L-com was able to not only meet, but surpass this client’s expectations with the perfect solution to their problem.

 

To read the full case study, click here.

 

802.3bt and PoE

October 19, 2017 at 8:00 AM

 

In 2003 the first Power over Ethernet (PoE) standard was ratified and today there are more than 100 million devices that use PoE. It is an easy to install solution that provides an integrated and safe power standard for worldwide use. PoE has been deployed in high-volume applications such a wireless access points (APs) and Internet protocol (IP) phones to allow communications equipment to be installed in locations where no AC power source is available or where adding an AC outlet would be too costly.

 

The main limitation of PoE is the amount of power it’s able to supply. Even the most recent standardized version of PoE, 802.3at, is only able to provide a maximum of 25.5 Watts of power to a device. This modest amount of power has limited PoE use in many applications that require more power. Plus, with an increasing number of devices simultaneously connecting to Ethernet networks, the need for more PoE power continues to grow.

 

To address the demand for higher power PoE, the IEEE has been working on a new standard, 802.3bt. This newest standard is slated to debut this year and aims to double or triple the power output of the current PoE standard, 802.3at. IEEE 802.3bt increases the maximum PoE power available by employing all four pairs of the structured wiring of an Ethernet cable. It delivers extended power management capabilities and enables multiple PoE classes while also being backward compatible. Additionally, the 802.3bt standard may also standardize PoE with 10Gbase-T.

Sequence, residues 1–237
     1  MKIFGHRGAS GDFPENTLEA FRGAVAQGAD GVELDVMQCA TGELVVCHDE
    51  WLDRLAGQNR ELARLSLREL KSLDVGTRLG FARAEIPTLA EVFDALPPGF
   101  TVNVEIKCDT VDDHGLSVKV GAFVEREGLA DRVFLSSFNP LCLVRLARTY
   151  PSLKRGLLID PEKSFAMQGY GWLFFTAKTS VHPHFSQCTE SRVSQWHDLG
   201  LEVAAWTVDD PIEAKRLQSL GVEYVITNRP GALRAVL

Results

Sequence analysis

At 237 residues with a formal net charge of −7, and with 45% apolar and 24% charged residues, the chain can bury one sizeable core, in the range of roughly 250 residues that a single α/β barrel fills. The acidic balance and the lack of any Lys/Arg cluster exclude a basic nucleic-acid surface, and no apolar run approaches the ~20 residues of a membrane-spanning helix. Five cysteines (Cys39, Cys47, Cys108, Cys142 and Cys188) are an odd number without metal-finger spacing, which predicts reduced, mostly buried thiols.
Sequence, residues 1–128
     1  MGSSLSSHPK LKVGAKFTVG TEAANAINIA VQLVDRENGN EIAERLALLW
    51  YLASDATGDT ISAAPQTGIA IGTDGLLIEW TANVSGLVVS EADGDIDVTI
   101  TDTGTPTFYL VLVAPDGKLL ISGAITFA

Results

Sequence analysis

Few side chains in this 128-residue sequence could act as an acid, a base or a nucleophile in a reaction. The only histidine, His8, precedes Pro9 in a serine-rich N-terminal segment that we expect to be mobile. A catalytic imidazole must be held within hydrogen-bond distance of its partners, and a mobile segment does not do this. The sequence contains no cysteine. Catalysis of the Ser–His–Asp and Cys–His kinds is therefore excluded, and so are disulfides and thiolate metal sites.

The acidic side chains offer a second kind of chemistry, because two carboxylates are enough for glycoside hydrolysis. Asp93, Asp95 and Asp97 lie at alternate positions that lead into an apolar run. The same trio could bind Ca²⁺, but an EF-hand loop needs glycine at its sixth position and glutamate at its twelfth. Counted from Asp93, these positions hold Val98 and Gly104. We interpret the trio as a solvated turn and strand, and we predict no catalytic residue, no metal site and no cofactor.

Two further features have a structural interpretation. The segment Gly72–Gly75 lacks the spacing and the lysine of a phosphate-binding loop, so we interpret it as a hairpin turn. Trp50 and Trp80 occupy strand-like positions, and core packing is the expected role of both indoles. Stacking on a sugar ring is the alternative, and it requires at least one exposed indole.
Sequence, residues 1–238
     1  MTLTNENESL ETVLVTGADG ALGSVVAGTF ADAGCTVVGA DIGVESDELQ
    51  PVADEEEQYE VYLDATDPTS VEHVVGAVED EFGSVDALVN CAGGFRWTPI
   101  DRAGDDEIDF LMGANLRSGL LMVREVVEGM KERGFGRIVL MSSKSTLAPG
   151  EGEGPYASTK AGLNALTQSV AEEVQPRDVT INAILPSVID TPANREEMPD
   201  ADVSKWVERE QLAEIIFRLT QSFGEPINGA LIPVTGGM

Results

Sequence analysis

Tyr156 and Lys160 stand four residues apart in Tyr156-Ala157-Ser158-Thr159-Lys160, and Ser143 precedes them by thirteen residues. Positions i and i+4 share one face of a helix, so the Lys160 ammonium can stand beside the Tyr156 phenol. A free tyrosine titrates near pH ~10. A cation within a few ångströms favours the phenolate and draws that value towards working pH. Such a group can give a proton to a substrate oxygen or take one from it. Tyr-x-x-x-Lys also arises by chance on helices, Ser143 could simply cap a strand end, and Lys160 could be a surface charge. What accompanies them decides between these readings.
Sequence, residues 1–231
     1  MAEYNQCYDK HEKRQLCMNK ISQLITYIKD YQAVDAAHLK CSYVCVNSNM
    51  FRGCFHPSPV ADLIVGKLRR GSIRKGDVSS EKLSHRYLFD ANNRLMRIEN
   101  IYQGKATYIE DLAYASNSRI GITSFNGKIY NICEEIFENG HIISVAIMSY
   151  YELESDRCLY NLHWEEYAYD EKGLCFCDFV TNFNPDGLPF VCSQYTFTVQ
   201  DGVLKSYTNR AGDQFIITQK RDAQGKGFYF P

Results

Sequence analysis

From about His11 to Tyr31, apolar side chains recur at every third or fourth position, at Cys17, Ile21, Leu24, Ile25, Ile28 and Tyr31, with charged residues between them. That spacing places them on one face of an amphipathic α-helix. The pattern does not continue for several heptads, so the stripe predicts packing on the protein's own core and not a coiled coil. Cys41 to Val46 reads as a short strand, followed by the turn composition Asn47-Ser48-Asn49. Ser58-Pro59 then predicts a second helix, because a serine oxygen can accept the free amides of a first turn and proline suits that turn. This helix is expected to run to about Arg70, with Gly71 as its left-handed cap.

The ability to provide higher power to end devices will drastically expand the number of applications able to use PoE. This will include high-volume applications such as point-of-sale, building management and industrial control systems. Delivering power and data on the same link with PoE will make life easier, and cheaper for design engineers who will be able to save time and money on installation when compared to running separate data and power lines. It also makes relocation of devices simple and as easy as moving a cable, rather than having to hire an electrician to move or add AC power outlets. 

 

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How to Protect Your Equipment During Lightning Season

August 24, 2017 at 8:00 AM

 

No matter how lucky you are, the thought of lightning striking your expensive communications equipment can be a scary thought. Depending on your location, the time of year and your proximity to other buildings, the chances of a lightning strike can be higher or lower, but any lightning strike can be debilitating for sensitive electronic equipment. Both direct and indirect strikes can cause extensive damage that includes loss of data, downtime and the cost of replacement.

 

Electromagnetic fields and earth-voltage spikes caused by lightning can also wreak havoc on electronic power and signal circuits. This can damage the Ethernet, coaxial and telephone lines, or anything connected to the circuits. Even entire campuses can experience long-range voltage spikes that can ruin all electronics connected by the above-ground and below-ground cabling systems that run throughout the campus.